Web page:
Six Reasons Living On A Wyoming Homestead Blows
It’s a cold October morning, creeping towards bitter here on my little Wyoming homestead. The sky has been grey and bloated all morning. It’s hard to describe if you’ve never seen clouds roll in that are wanting to snow, but it only takes one viewing to memorize the look and smell of impending snow in the air. The snow started spilling out about fifteen minutes ago and now the bitter wind is stinging wet with snow as well. The animals are all huddled in their enclosures. The chickens didn’t even glance out of their door. They knew what was coming.
It’s getting close to the time of year that I start to question all my life decisions that have led and kept me here, on the cold, windswept plains of Wyoming. This is the season of wind, and towering snowdrifts, and a vast beige-colored landscape that is occasionally dotted by white patches. It’s not the picturesque, snowy winter from our childhood visions. My winter snow is dirt-covered, wind-curled drifts that are draped across the prairie. In many ways, Wyoming is an empty land. We’re the least populated state in the country. There are only a few of us who call this high prairie land home. So, what keeps us here? People who love Wyoming love it fiercely. They claim their state with a ferocity rarely seen. Yet even as we love it, we all know that our old girl isn’t perfect. She has her faults that make her hard to love at times. Yet here I am. Here we all are. Us hearty, country folk.
Five Reasons Living and Farming In Wyoming Blows:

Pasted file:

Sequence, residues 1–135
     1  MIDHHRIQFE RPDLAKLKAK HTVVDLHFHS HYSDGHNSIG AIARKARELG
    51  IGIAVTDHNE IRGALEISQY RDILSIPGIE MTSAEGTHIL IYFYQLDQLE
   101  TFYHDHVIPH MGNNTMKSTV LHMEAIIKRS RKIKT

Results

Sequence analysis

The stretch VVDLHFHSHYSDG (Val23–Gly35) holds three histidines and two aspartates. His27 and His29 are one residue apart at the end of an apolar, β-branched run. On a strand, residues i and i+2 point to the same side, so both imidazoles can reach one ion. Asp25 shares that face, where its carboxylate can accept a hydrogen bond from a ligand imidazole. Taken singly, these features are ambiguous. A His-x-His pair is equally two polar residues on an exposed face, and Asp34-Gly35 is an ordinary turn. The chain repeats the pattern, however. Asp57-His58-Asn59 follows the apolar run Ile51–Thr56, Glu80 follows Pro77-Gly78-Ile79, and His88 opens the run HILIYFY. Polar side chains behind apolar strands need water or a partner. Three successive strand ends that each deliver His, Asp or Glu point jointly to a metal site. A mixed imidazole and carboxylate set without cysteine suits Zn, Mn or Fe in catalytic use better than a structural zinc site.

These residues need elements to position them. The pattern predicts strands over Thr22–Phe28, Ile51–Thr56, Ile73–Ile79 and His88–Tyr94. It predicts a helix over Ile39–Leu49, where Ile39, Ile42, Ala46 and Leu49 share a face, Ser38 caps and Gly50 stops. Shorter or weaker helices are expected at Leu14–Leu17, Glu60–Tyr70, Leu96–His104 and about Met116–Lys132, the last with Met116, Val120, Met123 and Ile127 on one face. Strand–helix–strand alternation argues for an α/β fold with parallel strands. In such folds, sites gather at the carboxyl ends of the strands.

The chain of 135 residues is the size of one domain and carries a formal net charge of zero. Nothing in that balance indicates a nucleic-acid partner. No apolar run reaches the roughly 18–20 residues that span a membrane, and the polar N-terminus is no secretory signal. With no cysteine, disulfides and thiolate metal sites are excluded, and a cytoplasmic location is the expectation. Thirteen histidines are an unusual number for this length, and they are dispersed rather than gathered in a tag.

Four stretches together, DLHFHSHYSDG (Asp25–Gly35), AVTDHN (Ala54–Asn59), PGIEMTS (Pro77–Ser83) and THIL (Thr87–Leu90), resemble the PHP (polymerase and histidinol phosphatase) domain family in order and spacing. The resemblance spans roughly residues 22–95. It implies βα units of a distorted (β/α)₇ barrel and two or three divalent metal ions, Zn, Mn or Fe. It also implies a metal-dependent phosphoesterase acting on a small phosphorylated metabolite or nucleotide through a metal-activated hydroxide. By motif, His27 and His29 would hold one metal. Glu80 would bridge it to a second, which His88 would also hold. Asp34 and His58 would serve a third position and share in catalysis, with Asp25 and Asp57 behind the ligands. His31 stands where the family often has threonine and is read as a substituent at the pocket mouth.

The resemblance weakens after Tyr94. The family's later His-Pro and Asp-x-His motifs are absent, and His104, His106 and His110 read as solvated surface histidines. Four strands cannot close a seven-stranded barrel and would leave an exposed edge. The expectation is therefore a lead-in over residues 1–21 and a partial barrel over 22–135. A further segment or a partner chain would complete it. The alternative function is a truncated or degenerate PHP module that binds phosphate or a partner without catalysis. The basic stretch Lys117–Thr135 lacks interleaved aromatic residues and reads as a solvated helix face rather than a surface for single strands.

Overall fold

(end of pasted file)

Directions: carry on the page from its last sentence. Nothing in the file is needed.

Reason 1: The WIND
Lord, help me. The wind. The wind blows in Wyoming. It blows the storms in to darken our skies, it blows in hard, side-ways driving snow, it blows in dirt, it blows over semi-trucks and small children and trees. It blows and blows, sometimes for days and you begin to wonder if it will ever stop. The winds come in the late fall and don’t leave until spring and they make me angry and I hide in my house like a hermit and try to pretend the incessant noise doesn’t exist. I dread going outside and getting caught in it. I hate driving in it, especially when it’s accompanied by its friend, the ground blizzard. You can drive south into Colorado or north into Montana, and the wind will miraculously stop at the border. And it’s infuriating. But, but. That same wind brings in the winter storms that drape our mountains in beautiful, fluffy snow. Snow that’s waist deep and beautiful and perfect for sledding or skiing. It melts in the spring and fills our streams and lakes. I may live on the prairie, but ten minutes away from me is a wonderland, and it’s there that we go to drown out our windy sorrows.